• The backwardness parameters are –
    • Religion-specific socio-economic indicators at the district level –
      • Literacy rate;
      • Female literacy rate ;
      • Work participation rate; and
      • Female work participation rate; and
    • Basic amenities indicators at the district level –
      • Percentage of households with pucca walls‘
      • Percentage of households with safe drinking water &
      • Percentage of households with electricity
  • The projects considered are additional class rooms, laboratories, school buildings, hostels, toilets, buildings for Polytechnics, ITIs, Community Health Centres, Primary Health Centres / Sub-centres, Anganwadi Centres, Rural Housing etc.
  • Education, Health and Skill are the priority under MsDP.
  • The projects are funded in the ratio of 60:40 and for NE and Hilly States at 90:10 between the Centre and States.

Aanganwadi Meals in Madhya Pradesh

Recently, the Women and Child Welfare Minister of Madhya Pradesh Government, Smt. Imarti Devi reiterated her proposal to provide eggs to children in anganwadis and pregnant women to fight malnourishment.

What is being proposed now?

The Minister said that she stick to her proposal to provide eggs to children and pregnant women, because eggs are high in nutrition. It would not be compulsory but only for those willing to eat eggs. For vegetarians, alternatives would be available in the form of milk and banana.

Malnutrition in Madhya Pradesh –

  • Madhya Pradesh is one of the worst affected states by malnourishment, with the state’s tribal population worst affected. According to the National Family Health Survey (NHF-4), at least 42% of children under age five are stunted while another 43% are underweight. Again, 26% are wasted (thin for their height) while 9% are severely wasted.
  • The lockdown has disrupted various government schemes for providing nutrition. A survey conducted by the NGO Vikas Samvad in 122 villages of six districts — Rewa, Satna, Panna, Umaria, Niwari and Shivpura — found that the nutrition intake dropped in children (by 51%), pregnant women (67%) and lactating mothers (68%). The majority of the residents in these villages were tribals and SCs.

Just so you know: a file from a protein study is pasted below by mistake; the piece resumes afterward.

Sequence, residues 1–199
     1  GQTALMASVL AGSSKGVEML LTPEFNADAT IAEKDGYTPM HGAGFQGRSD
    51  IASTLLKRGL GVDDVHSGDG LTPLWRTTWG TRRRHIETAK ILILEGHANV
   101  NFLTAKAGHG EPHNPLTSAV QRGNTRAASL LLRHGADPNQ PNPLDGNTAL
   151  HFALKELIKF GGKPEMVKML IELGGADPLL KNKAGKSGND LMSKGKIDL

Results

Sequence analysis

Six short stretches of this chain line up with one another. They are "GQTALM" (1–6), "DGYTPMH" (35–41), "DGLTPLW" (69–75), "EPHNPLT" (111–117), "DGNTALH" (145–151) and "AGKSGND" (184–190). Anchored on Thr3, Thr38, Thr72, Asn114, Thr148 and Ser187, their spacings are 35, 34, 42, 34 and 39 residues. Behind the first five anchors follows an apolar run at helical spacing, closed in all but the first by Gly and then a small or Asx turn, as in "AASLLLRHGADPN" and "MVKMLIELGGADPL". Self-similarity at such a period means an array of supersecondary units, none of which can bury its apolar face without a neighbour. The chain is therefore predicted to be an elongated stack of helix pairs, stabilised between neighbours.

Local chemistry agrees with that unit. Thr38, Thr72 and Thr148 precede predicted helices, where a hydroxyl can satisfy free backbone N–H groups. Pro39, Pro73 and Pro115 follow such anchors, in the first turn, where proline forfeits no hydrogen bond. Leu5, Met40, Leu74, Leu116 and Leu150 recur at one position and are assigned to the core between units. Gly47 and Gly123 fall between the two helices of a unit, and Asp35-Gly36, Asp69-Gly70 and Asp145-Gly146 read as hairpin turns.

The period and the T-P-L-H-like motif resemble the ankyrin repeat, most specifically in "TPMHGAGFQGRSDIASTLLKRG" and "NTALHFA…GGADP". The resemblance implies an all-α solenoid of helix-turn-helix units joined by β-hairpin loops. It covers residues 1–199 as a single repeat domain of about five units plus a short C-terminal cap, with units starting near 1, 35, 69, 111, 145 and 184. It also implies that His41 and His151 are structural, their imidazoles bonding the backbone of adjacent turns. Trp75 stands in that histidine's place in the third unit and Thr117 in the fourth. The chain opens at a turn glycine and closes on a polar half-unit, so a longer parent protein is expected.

Why to provide eggs?

Eggs are a complete food that contain all nutrients except vitamin C. For providing a wholesome meal for children, the right combination of various food including dal, rice, fruits and milk will have to be supplied in the right quantity if they are not given eggs.

What is the issue?

Over 40% of Madhya Pradesh’s population is vegetarian. The proposal has faced stiff opposition from various communities, notably the Jain community. In a post on social media, Jain community leaders have warned that only those parents who wished to have their children fed eggs should vote for Imarti Devi.

How many states provide eggs to children at anganwadi centres?

At least 14 states have so far been providing eggs as a part of the ICDS. According to the National Baseline Survey of 2014, in nine of these 14 states — Telangana, Odisha, Andhra Pradesh, West Bengal, Jharkhand, Tamil Nadu, Bihar and Kerala — 95% of the population is non-vegetarian. In the remaining five states — Tripura, Karnataka, Jammu and Kashmir, Assam and Chhattisgarh — over 70% of the population is non-vegetarian.

The Insurrection Act of 1807

Republican party supporters are suggesting that Trump should enforce martial law in the US and seize power if he loses the November-3 election. This martial law can be imposed through the Insurrection Act of 1807.

What is the Insurrection Act of 1807?

  • Under the US Constitution, the governors of states are responsible for maintaining law and order within state boundaries. A law called the Posse Comitatus Act, which reflects this principle, restricts the federal military’s participation in domestic law enforcement. The Insurrection Act creates an exception to the Posse Comitatus Act.
  • The Insurrection Act was framed during the era of Thomas Jefferson, the third US President, to prevent a suspected rebellion by Aaron Burr, his former vice-president.
  • The law has since been amended several times, and now consists of a group of statutes that empower the US President to use the National Guard or the military to deal with domestic crises, in certain circumstances.
  • The President does not require the state governor’s approval to send troops under some scenarios laid down by the law. A successful legal challenge to such use of the law is also “very unlikely”.
  • Although the Act has been enforced on numerous occasions in US history, its use in recent decades has been widely seen as unpopular. It has been used sparingly since the 1960s, and was last invoked during the Rodney King unrest of 1992.